It was a rainy foggy morning in Emilia Romagna when I set off with my girlfriend Kelsey and 3 very good friends of mine from my MBA program. I love finding hidden gems in Italy, and Emilia Romagna is full of them, with tons of tiny little castle towns to chose from.
After a quick pit stop at the largest European antique market in the castle town of Fontanellato, we were set to visit one of the “most beautiful small towns in Italy,” Castell’Arquato. From there, we planned to eventually visit a winery in Piacenza.
Upon arrival to Castell’Arquato (just another castle town!) we were not only greeted with a sunny day, but also a local wine festival! I had been fortunate enough to “stumble” into many of these, just by pure luck, and each was equally gratifying.
We met Federica and Cristina, the owners of La Tollara, at the Monterossa Wine Festival, and immediately I knew I had discovered something truly special. La Tollara was a new winery on old family land, run by young energetic women who had a contagious passion for winemaking. They are very small producers in a region called the Colli Piacentini, a very intriguing section of Emilia Romagna that deserves more attention.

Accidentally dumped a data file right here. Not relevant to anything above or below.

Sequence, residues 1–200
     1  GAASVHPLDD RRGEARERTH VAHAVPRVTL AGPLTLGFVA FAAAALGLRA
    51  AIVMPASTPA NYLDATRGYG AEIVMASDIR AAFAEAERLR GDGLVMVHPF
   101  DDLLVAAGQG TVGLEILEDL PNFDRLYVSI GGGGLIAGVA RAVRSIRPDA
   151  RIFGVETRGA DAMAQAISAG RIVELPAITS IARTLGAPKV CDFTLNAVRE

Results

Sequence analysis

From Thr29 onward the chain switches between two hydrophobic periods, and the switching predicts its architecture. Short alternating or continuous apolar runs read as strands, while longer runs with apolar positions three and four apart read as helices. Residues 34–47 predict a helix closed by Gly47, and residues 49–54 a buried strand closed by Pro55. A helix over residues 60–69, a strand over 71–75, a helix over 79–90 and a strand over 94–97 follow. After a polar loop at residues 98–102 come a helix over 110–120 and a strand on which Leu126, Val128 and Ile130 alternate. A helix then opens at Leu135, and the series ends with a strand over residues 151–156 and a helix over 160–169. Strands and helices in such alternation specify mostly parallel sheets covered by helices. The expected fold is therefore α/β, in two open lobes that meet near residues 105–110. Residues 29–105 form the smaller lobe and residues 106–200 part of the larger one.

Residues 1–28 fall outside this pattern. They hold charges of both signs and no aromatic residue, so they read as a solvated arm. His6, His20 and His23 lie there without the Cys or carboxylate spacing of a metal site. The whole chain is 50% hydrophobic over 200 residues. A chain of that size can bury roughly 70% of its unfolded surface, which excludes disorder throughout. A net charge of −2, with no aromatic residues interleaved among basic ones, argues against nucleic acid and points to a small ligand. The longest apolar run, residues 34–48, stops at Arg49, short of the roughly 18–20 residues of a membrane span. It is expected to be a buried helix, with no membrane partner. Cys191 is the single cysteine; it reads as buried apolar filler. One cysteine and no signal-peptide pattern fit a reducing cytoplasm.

The wine that struck me as being so unique was an amarone style wine called Il Giorgione, with packaging as in your face as the wine itself. Il Giorgione is made from Bonarda, locally called Croatina, and undergoes a few months of “appassimento” before spending at least two years in oak.
The wine seemed so natural to me, like a wild, mysterious take on a grape that people outside of Piacenza rarely give much thought to. It was wine as it was meant to be, wine that gave you a clear indication of where it came from and what it represented. This sentiment is always echoed on my frequent visits to this incredible town and winery. Over meals shared with Federica and Cristina, discussion always leads to the idea of going against the grain. They have committed to quality and authenticity without compromise, which does not go unnoticed.